“You are the most Talented woman to come to the Chantry in a century, Vi. You were married before you arrived, so your marriage is not in violation of the Third Alitaeran Accord. A woman’s Talent isn’t enough to guarantee her advancement, but a highly Talented woman is always conspicuous. Thus, you’re highly visible, highly Talented, and married—to a man who’s also highly Talented—and your marriage is not in breach of any treaty.”

  “Huh,” Vi said. “What are the odds of that happening by chance?” She stared pointedly at Ariel, who had the decency to blush.

  Istariel cleared her throat. “Yes, about that. Kyle, we never expected you to actually come here. In fact, Sister Ariel was adamant that you wouldn’t.”

  “I wasn’t aware how susceptible you would be to Vi’s… charms,” Ariel said blandly.

  Kylar blushed. “That’s not why I’m here.”

  “But here you are,” Istariel said. “So you could destroy Vi—or at the very least destroy her usefulness to the Chantry.”

  “Which is why I get some truth. Right. Still doesn’t answer why you have to sneak around to meet me,” Kylar said.

  Istariel’s eyes flashed. “The Chantry has had a number of incidents involving Vy’sana wedding rings. A century ago, someone ringed a Speaker against her will.”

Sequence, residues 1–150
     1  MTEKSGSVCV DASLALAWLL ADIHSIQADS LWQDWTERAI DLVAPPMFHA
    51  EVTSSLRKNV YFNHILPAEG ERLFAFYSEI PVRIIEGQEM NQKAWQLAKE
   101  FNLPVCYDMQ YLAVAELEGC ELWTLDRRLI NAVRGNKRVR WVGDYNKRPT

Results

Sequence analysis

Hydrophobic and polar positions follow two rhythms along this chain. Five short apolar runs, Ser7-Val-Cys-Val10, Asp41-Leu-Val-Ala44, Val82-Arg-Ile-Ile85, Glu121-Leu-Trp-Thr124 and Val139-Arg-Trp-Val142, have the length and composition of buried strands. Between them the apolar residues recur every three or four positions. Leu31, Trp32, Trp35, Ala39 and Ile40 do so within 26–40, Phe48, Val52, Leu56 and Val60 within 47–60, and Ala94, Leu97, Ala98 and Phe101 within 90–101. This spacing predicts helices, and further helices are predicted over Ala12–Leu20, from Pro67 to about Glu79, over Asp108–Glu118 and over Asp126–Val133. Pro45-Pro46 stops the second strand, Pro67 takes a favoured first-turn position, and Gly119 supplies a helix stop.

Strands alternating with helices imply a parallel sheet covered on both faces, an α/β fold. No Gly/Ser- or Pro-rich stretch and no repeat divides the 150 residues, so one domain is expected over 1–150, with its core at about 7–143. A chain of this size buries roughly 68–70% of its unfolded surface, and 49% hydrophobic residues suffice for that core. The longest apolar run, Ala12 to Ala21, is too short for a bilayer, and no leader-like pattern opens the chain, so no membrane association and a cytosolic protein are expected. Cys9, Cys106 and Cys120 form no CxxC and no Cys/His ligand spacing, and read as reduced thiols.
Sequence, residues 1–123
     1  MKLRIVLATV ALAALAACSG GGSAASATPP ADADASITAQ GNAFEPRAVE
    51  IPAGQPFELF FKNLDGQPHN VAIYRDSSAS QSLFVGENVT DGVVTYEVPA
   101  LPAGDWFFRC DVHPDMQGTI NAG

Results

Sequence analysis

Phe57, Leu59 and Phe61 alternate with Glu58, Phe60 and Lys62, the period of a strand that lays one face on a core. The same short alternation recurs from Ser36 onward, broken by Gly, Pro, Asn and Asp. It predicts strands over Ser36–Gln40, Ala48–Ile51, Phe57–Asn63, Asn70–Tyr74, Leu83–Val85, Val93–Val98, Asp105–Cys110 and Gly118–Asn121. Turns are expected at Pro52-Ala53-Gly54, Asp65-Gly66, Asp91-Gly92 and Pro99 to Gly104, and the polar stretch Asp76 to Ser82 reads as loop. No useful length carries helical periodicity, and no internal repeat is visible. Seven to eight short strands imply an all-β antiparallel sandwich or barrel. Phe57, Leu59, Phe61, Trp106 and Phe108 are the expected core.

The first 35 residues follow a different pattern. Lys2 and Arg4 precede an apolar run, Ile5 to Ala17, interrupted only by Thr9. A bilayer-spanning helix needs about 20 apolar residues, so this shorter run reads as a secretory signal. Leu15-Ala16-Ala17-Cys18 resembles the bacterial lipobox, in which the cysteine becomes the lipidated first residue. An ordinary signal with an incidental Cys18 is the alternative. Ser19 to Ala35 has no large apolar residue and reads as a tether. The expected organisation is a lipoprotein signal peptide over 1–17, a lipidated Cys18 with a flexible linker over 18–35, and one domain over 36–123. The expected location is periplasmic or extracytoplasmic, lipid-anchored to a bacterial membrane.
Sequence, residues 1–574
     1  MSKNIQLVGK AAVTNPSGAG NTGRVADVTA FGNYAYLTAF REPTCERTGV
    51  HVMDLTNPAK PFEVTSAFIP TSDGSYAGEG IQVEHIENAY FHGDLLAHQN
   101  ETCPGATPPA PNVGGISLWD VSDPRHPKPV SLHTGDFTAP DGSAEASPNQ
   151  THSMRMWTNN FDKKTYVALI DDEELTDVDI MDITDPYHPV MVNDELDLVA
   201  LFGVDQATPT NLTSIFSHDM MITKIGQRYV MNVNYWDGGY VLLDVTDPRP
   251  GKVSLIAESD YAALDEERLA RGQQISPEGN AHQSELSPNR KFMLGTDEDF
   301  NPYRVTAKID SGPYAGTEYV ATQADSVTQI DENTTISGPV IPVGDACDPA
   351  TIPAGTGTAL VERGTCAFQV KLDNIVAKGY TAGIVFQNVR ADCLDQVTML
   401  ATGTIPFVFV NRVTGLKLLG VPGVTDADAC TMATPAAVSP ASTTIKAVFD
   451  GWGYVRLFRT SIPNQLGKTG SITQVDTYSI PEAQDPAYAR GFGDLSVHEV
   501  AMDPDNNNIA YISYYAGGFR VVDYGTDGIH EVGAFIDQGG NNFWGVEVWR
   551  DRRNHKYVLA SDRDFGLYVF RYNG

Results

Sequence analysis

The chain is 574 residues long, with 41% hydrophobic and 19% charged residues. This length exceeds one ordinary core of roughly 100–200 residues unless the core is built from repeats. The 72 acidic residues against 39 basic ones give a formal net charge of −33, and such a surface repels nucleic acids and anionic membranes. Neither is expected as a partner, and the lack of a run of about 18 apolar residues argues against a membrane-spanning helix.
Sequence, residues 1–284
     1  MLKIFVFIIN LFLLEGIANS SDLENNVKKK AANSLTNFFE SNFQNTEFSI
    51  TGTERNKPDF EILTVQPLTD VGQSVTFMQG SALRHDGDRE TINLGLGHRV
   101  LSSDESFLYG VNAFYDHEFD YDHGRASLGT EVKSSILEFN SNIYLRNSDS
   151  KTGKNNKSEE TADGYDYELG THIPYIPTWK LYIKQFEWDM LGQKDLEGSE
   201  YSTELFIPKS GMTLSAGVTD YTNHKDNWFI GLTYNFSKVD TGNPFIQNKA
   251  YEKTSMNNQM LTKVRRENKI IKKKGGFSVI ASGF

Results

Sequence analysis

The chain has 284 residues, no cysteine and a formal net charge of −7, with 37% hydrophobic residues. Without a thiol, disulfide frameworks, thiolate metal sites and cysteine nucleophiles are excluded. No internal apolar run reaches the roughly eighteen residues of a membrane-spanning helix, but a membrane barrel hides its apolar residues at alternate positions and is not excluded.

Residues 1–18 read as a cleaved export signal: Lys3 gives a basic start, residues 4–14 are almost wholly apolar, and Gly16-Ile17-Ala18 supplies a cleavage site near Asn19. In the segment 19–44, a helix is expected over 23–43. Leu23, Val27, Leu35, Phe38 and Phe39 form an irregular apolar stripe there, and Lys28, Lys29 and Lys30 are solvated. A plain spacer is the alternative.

“It’s called ring rape,” Ariel said.

  Istariel turned a cold gaze on her sister. “Stop helping.” She turned back to Kylar. “It was an attempt to subvert the entire Chantry in one stroke, and it came disastrously close to succeeding. That was only the most recent incident. There is enormous antipathy to forcible ringing.”

  “So if I tattle, Vi’s finished. Why do you care?” Kylar asked.

  “There’s no reason for us to be enemies,” Istariel said.

  “I can think of one,” he said, tugging his earring.

  She averted her gaze. “Magae have been forbidden to marry magi for two hundred years, Kyle. The Alitaeran Emperor Dicola Raiis feared we had established a breeding program to make archmages so we could become the dominant force in world politi